(CNN) - A new group that advocates full disclosure of campaign spending says it's going up Thursday with newspaper ads calling on both the Democratic and Republican candidates in three key congressional races to reject spending by outside groups.
CounterPAC, which is backed by around a half-dozen tech entrepreneurs, says the ads are the first step in what the group says is its national campaign pushing candidates to pledge to reject what it calls "dark" money expenditures by outside groups during this year's midterm elections.
An ad being placed in the Atlanta Journal-Constitution will focus on the two nominees in Georgia's Senate contest: Democrat Michelle Nunn and Republican David Perdue. An ad in the Anchorage Daily News focuses on Democratic Sen. Mark Begich of Alaska and Dan Sullivan, considered the favorite to win the GOP nomination. And an ad in the Charleston Gazette focuses on the two candidates in the high profile race for West Virginia's 3rd Congressional District: Democratic Rep. Nick Rahall and Republican nominee Evan Jenkins.
"The CounterPAC pledge is about restoring accountability for voters and agreeing to elections that aren't manipulated by a flood of secret money," said Jim Greer who is co-founder of CounterPAC and a co-founder and former CEO of Kongregate, an online gaming site. "Unlike campaign finance regulations, there's nothing complicated or counter-intuitive about the pledge. Many candidates agree – now it's time for them to put the dark money where their mouth is."
The group says it will act as the arbiter and enforcer of the pledge after candidates have agreed to the terms, which include rejecting expenditures from undisclosed sources. CounterPAC promises to donate 50% of the cost of the rejected expenditure to a charity of the opposing candidate's choice. The group points to a much publicized pledge in 2012 by then-Sen. Scott Brown of Massachusetts and Democratic challenger Elizabeth Warren to keep outside money out of their race.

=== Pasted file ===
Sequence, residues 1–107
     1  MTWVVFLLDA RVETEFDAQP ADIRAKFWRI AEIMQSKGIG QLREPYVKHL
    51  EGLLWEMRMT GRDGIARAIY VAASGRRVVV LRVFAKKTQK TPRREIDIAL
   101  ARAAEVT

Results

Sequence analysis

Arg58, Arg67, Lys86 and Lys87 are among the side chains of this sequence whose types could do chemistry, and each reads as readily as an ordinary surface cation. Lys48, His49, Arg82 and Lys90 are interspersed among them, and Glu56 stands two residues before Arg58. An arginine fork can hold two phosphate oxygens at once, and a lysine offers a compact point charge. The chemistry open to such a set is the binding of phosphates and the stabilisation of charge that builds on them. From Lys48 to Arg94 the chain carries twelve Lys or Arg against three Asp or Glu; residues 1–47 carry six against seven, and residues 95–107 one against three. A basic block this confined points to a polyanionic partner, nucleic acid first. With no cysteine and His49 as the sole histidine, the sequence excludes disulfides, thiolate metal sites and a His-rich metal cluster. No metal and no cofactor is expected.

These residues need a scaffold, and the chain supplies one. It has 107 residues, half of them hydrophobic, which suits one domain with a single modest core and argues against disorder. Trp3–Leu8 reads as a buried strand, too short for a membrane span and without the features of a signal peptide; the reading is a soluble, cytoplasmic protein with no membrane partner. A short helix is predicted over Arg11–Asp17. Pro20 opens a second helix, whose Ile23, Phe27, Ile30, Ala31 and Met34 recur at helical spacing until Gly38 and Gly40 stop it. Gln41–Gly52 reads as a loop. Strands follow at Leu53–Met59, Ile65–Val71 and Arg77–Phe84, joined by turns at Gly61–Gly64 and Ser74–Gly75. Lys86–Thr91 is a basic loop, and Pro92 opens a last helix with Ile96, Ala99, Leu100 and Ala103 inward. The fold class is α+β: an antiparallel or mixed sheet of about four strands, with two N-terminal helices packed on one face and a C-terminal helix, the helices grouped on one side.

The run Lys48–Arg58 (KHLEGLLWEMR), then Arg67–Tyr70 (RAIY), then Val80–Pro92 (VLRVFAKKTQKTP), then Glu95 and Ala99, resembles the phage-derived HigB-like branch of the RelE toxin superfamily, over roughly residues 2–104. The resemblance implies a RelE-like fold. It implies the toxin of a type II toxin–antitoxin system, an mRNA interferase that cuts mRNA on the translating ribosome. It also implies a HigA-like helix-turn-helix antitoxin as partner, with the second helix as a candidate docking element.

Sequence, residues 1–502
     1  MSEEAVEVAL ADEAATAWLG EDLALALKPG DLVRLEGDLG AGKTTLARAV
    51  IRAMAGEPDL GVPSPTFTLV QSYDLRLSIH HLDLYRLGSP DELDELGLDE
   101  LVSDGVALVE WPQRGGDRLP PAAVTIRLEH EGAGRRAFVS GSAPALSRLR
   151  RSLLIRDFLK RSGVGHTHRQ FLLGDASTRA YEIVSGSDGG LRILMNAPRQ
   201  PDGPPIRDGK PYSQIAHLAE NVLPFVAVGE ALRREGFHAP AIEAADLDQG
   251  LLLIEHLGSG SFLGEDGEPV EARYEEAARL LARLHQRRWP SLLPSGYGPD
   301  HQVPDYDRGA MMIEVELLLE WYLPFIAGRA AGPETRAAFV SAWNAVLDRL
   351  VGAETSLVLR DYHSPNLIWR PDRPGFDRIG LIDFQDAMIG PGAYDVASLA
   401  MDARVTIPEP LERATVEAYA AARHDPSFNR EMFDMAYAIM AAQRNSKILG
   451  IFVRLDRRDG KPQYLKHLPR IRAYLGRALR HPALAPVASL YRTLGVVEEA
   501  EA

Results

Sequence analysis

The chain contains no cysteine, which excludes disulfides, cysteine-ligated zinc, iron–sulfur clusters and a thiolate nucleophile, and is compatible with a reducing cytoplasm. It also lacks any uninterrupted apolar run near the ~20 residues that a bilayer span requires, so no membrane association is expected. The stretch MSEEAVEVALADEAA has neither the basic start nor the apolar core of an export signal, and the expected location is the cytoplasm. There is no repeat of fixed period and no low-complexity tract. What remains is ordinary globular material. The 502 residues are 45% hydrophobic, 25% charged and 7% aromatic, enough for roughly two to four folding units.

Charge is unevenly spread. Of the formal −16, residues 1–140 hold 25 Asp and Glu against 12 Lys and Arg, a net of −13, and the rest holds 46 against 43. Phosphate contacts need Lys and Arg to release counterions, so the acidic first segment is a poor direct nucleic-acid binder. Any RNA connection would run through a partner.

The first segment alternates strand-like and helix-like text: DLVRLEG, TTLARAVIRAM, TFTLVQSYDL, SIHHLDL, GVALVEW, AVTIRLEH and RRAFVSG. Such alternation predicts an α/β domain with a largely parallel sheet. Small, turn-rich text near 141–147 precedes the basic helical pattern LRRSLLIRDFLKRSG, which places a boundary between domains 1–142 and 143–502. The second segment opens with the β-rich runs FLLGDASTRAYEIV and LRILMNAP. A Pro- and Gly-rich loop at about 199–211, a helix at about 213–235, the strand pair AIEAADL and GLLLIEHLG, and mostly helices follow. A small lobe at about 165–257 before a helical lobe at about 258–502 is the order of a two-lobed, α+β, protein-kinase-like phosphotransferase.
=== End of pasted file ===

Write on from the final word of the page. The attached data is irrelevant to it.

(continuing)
The 2010 Supreme Court "Citizens United" ruling – which removed legal barriers preventing corporations and unions from spending unlimited sums on federal elections – opened the floodgates. It contributed to an explosion in outside spending on the campaign trail by super PACs and by non-profit groups – mainly the IRS designated 501(c)(4) organizations – which don't have to disclose their donors. In a bunch of high profile primary races this year, spending by outside groups dwarfed spending by the actual campaigns.
When it comes to outside spending, there's a partisan gap. Overall, pro-GOP outside groups have heavily outspent their pro-Democratic rivals in the 2010, 2012, and 2014 cycles.
In addition to Greer, CounterPAC is supported by: Matt Cutts, the head of the Webspam team at Google; Ethan Beard, an entrepreneur-in-residence at Greylock Partners; Ted Wang, a Silicon Valley lawyer and Partner at Fenwick & West; Roy Bahat, head of Bloomberg Beta, a new venture fund backed by Bloomberg L.P.; Todd DiPaola, Co-Founder of InMarket; and Ron Carmel, Co-Founder of 2dBoy and IndieFund.
The group's push comes as Senate Democrats back a proposed constitutional amendment that would limit campaign spending by outside groups. The measure passed through committee hurdles, but its chances of passing the full Senate, where it needs a two-thirds majority, are extremely slim, due to broad GOP opposition.